According to many studies, working out in the garden for just 30 minutes a day reduces the levels of the stress hormone cortisol significantly. Therefore, gardening is a perfect activity to introduce your children to, as it keeps stress away.

Gardening reduces both the level and effect of stress

Getting the gloves on at Dalmonach ELCC.

Gardening nourishes self-confidence

Confidence is crucial for the healthy development of any child or young person. It might come as no surprise but gardening helps children feel more capable. Looking after a plant, from sowing until bloom and seeing their hard work pay off can substantially boost a child’s sense of competence.

When it comes to childcare, the benefits of delayed gratitude take long to teach but at the end of the day, are absolutely worth it.

Gardening nourishes self-confidence

Young chef at St Ronans summer 2019.

Gardening teaches young ones patience, improves focus, and enhances memory, too

Nowadays, children have an ever shorter attention span mainly because of immediate gratification that our digital age provides. A great way to teach children patience and also improve their focus is through regular garden care.

● Give children their own space and actively encourage them to take responsibility for the plants they sow, this, in turn, will instil in them gratification when their plants progress;

● It’s recommendable to start with sowing fast growers as that way kids can witness the fruits of their labour over the course of just a few weeks and won’t lose interest;

● The constant involvement of children in the gardening process improves alertness, memory and even cognitive abilities, thanks to math and repetition.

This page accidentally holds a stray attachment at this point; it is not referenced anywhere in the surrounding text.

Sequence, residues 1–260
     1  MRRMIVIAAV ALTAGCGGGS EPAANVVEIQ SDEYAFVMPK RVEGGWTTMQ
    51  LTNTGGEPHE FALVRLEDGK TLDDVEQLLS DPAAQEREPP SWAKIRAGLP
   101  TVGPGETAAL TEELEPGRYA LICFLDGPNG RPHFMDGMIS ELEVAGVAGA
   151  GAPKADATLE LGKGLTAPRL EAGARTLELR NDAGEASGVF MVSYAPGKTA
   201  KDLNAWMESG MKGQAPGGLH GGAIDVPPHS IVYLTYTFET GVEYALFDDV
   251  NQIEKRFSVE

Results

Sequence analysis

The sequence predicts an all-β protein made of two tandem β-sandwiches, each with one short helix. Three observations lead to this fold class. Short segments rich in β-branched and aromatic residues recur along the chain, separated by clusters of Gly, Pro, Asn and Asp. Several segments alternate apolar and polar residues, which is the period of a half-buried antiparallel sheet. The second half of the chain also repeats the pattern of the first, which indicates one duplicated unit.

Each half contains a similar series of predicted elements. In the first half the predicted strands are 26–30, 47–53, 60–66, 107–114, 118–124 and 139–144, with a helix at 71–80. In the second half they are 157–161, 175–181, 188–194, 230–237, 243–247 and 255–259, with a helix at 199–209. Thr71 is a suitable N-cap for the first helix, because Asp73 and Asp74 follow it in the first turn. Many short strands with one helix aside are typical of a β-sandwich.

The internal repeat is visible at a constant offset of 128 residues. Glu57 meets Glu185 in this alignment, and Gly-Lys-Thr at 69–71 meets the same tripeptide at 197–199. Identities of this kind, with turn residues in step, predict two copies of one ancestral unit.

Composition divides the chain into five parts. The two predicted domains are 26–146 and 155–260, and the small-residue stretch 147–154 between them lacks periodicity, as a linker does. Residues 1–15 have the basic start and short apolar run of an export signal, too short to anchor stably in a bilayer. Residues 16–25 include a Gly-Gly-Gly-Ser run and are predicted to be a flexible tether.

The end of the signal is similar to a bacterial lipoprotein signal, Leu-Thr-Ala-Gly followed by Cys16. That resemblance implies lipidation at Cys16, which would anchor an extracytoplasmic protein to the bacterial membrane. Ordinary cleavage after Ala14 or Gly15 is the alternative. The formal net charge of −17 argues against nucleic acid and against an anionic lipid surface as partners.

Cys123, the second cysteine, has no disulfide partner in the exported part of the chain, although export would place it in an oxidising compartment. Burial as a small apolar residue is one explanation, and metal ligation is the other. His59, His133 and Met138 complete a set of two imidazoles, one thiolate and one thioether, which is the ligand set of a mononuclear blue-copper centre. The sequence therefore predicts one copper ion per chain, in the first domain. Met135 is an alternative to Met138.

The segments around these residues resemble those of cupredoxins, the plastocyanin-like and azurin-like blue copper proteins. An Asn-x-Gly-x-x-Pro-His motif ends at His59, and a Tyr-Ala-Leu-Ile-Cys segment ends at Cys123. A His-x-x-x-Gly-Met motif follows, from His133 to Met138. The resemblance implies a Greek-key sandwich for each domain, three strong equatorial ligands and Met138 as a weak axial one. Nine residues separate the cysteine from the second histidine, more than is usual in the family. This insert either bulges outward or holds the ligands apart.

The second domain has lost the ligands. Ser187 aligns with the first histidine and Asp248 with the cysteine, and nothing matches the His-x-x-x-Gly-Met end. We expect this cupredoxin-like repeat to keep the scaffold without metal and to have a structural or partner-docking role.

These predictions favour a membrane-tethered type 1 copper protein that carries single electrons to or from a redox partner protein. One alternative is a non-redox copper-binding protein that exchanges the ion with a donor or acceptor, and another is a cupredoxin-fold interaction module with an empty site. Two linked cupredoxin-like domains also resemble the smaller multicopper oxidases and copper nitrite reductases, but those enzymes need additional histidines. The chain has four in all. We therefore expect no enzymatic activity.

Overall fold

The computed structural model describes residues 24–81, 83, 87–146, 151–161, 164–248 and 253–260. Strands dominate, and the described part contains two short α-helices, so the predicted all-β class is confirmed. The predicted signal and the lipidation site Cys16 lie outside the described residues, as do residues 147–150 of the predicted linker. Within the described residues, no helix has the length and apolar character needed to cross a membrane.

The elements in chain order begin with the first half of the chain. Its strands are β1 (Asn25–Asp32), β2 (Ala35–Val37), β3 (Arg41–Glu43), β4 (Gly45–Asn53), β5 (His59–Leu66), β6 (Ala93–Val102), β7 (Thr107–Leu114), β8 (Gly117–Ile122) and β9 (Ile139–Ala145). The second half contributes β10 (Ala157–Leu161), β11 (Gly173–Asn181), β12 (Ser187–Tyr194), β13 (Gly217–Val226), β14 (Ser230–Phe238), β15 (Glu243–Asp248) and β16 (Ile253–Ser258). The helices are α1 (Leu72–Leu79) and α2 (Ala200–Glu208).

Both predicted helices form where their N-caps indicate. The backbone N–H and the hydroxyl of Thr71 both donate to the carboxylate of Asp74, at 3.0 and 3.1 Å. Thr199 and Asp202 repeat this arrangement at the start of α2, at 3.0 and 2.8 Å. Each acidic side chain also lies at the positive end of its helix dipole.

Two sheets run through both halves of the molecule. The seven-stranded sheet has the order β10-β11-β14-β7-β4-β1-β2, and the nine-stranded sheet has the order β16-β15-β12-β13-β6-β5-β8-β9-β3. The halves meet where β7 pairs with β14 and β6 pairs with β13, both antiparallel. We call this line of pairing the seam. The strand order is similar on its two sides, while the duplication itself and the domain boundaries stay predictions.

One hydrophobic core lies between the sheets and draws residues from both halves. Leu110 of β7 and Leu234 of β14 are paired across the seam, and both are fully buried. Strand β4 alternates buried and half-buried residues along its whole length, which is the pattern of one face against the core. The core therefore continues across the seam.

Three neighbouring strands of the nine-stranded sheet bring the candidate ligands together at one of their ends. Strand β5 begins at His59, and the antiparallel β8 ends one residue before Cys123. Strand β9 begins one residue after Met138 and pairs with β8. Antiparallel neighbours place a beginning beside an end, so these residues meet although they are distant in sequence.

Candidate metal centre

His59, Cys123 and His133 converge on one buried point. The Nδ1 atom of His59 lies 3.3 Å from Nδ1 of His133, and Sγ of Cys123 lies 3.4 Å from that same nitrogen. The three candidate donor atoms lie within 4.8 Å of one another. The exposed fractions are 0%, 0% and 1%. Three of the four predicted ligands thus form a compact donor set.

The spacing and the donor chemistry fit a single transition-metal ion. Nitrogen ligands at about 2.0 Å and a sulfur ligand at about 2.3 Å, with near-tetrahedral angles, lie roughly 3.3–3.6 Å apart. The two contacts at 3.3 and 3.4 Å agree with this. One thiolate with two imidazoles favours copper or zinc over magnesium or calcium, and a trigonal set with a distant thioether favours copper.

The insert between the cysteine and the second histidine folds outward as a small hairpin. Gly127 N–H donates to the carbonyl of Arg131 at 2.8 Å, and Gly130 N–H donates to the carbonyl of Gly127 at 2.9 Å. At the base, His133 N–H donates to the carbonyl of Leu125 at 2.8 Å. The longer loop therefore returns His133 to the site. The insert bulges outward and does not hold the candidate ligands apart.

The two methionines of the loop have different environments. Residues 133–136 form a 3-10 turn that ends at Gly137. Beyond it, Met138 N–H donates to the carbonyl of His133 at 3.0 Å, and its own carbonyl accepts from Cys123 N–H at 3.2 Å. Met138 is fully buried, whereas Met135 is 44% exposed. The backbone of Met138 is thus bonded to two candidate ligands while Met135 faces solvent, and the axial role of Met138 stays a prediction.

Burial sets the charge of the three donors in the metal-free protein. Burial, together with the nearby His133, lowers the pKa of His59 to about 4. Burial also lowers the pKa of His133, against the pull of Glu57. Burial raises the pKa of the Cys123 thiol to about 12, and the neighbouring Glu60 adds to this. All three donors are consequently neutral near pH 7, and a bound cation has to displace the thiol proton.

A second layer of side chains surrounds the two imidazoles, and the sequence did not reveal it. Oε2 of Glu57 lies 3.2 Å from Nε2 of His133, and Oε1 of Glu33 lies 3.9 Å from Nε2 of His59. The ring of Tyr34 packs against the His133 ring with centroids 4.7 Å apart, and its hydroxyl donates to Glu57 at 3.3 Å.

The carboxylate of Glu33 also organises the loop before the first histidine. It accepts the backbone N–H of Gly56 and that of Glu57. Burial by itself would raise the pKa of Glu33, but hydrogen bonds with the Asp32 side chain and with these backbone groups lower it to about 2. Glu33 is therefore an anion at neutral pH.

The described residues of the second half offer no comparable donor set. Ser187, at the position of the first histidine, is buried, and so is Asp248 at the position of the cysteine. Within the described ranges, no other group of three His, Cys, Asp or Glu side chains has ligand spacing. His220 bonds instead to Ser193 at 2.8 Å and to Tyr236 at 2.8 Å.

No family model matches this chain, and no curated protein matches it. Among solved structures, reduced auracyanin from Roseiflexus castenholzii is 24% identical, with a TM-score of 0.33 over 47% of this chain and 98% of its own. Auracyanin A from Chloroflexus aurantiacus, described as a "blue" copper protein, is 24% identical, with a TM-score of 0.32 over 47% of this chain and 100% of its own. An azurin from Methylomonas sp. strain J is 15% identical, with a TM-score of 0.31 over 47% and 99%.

Gardening teaches young ones patience, improves focus, and enhances memory, too

Littier pick Haldane Community Garden.

Gardening teaches children the responsibility of preserving the environment

Helping kids get into the habit of caring for seeds and plants they’ve sown can instil a great sense of responsibility. Be sure to prepare and follow a checklist of daily, weekly and monthly chores. Аlso, monitor your child’s gardening progress and do your best to help them when needed, without interfering too much. This is how gardening develops children, by teaching them that good things take time and effort.

As children spend more time in the garden, they become naturally driven to green thinking and environmental preservation, says Tony, the passionate nature-lover from Escape Waste. Young ones learn that in order for a garden to produce healthy plants, it needs to be clean and tidy, and devoid of trash, which is one chore among many, she adds.

Gardening teaches children the responsibility of preserving the environment

Checking the harvest at Alexandria Community Gardens.

Gardening with toddlers bonds the family

You don't need to have a big garden, or garden! A few pots on the balcony are great. Time families spend in the garden helps strengthen their bonds to create multiple and meaningful memories. As children learn they set solid grounds fоr great adulthood or something. What they like and what they don’t. What is wrong and what is right.

Altogether, gardening in childcare is an interesting, educational, healthy and social activity that every child deserves. Although growing a garden as a regular activity can take a while, the payoff is more than worth it!

Gardening with toddlers bonds the family

Always more to learn at the Botanical Gardens.

We can’t keep doing what we are doing

We can’t keep doing what we are doing

Questions? Contact us at info@theleamyfoundation.com